How can cell division generate daughter cells that differ from one another? This can be achieved by two fundamentally distinct ways of asymmetric cell division. The cell division process can create intrinsically different daughter cells, or alternatively, initially identical daughter cells can be instructed to take different fates dependent on the external signals they receive (Horvitz and Herskowitz, 1992). The plane of cell cleavage is crucial for both forms of asymmetric division. Specifically, the cleavage plane determines the size of daughter cells as well as the distribution of cell fate determinants in intrinsically asymmetric division, and the position of daughter cells within a tissue or with respect to a stem cell niche in extrinsically asymmetric division.
The plane of cell cleavage is crucial for both forms of asymmetric division. Specifically, the cleavage plane determines the size of daughter cells as well as the distribution of cell fate determinants in intrinsically asymmetric division, and the position of daughter cells within a tissue or with respect to a stem cell niche in extrinsically asymmetric division.
The cell cleavage plane is determined by the position of the mitotic spindle, as cleavage takes place perpendicular to and usually midway through the spindle. Hence, the position of the spindle determines if polarized cells divide symmetrically or asymmetrically. When the spindle aligns along the axis of polarity, cell cleavage generates different daughter cells, while spindle alignment perpendicular to the polarity axis allows the formation of equal daughter cells.
What, then, determines the position of the spindle? Our previous studies in C. elegans identified an evolutionarily conserved pathway for spindle positioning. This pathway involves the coiled-coil protein LIN-5, as well as the G protein regulators GPR-1/2 that mediate association of LIN-5 with the alpha subunit of a heterotrimeric G protein. Similar protein interactions have been identified in Drosophila (Mud—Pins—Gα) and mammalian cells (NuMA—LGN—Gα). Membrane associated LIN-5—GPR—Gα recruits a dynein motor complex to the cell cortex. The minus-end-directed motor activity of dynein, combined with microtubule disassembly, is thought to generate pulling forces that move the spindle poles and chromosomes to the cortex. Asymmetries in these cortical pulling forces cause displacement or rotation of the mitotic spindle, and thereby control the plane of cell cleavage.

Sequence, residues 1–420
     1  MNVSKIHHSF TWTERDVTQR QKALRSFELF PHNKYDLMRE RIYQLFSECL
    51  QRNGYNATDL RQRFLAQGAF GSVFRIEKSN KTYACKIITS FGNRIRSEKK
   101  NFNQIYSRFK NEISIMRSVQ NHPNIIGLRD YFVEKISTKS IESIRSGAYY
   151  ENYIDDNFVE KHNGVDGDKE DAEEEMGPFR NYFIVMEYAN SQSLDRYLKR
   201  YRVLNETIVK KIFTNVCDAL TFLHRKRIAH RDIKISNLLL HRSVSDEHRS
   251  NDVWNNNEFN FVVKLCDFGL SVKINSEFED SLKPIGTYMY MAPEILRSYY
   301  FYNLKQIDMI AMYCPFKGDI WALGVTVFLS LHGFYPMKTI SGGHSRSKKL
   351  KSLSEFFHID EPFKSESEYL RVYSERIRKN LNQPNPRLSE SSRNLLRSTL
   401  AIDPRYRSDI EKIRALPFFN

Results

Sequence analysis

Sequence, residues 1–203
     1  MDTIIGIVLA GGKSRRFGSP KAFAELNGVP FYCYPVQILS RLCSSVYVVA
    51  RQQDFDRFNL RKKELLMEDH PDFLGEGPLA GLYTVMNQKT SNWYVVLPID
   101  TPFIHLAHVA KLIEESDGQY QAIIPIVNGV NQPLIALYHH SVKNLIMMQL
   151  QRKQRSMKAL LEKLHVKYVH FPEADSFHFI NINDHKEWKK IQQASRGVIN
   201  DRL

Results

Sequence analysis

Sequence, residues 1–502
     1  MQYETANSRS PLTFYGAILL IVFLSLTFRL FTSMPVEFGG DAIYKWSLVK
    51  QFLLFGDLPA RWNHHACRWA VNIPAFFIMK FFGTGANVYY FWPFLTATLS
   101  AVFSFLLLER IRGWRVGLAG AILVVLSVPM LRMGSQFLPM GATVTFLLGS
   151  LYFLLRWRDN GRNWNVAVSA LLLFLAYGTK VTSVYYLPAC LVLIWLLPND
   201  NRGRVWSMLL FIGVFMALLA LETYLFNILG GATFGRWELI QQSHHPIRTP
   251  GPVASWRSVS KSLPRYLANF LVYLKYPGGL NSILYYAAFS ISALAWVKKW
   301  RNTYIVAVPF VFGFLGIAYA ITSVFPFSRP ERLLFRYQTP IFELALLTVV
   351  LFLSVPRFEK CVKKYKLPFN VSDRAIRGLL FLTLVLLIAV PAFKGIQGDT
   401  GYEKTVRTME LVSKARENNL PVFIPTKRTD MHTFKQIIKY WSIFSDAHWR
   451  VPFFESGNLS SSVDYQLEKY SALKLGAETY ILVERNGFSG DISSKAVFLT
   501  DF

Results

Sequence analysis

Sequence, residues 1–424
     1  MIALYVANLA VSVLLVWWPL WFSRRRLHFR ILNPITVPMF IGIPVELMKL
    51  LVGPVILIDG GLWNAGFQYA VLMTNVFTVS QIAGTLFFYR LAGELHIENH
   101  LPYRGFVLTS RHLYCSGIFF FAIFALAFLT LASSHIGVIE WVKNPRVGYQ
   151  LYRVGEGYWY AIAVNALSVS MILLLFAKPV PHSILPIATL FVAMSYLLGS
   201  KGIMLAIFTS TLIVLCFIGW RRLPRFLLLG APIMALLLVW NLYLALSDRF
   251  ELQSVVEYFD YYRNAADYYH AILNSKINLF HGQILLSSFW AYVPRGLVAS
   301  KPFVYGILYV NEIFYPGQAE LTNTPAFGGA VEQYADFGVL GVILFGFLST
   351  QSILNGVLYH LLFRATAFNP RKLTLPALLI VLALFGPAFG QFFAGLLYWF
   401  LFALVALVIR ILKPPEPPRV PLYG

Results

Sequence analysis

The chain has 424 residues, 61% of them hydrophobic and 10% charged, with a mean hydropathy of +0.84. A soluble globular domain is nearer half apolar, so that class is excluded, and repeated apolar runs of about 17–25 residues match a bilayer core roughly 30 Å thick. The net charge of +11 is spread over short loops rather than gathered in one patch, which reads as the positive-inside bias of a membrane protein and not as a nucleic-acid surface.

The mitotic spindle (light blue) segregates the chromosomes (purple) and instructs cell cleavage to take place between the spindle poles. (A) Division of unpolarized cells generates equal daughter cells. (B) Polarized cells that divide perpendicular to the polarity axis produce unequal daughter cells. (C) Ga/GPR/LIN-5/dynein generate the forces that pull astral microtubules to the cortex in chromosome segregation and spindle positioning (orange arrows). Cell-cycle and polarity proteins control the timing and location of these pulling forces. Our results indicate that local inhibition of LIN-5 function by anterior PAR/PKC-3 leads to posterior displacement of the spindle and asymmetric cell cleavage.
Recently, we found that the polarity kinase PKC-3 (aPKC, atypical protein kinase C) directly regulates the LIN-5 (NuMA)—GPR (Pins/LGN)—Gα pathway, in order to position the mitotic spindle. We developed a quantitative mass spectrometry approach for in vivo identification of protein kinase substrates. Starting from this method, we demonstrated that anterior located PKC-3 inhibits cortical microtubule pulling forces through direct phosphorylation of LIN-5. This provides an important molecular mechanism by which polarity cues control the spindle-positioning machinery to instruct the cleavage plane during asymmetric cell division.
Anterior cortical enrichment of phosphorylated LIN-5. Fluoresence micrograph of wild-type C. elegans embryo at metaphase of the first division, stained with anti-pS737 LIN-5 antibody (red) and anti-tubulin (green). DNA is in blue. Scale bar, 10µm.
Our current efforts focus on resolving how cell-cycle and cell-polarity kinases together regulate the function and position of the spindle apparatus in space and time, in order to coordinate chromosome segregation with cell fate determination. Using the lessons from the one-cell embryo as a starting point, we have initiated studies of asymmetric cell division in more complex systems, in particular stem cell divisions in the C. elegans epidermis.Back to Overview